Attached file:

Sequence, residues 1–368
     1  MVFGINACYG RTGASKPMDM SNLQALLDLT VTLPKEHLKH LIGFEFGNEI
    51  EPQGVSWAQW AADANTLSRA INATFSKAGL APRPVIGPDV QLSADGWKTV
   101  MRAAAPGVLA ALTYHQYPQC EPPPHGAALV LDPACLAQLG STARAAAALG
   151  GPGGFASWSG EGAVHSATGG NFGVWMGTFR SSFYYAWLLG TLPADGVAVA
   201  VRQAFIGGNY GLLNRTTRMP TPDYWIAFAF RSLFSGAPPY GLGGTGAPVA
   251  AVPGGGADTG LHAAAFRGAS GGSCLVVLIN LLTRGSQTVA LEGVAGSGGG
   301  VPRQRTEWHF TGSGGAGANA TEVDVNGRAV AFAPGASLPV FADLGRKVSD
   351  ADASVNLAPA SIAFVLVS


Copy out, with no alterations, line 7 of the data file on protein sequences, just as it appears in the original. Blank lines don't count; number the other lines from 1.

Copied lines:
   251  AVPGGGADTG LHAAAFRGAS GGSCLVVLIN LLTRGSQTVA LEGVAGSGGG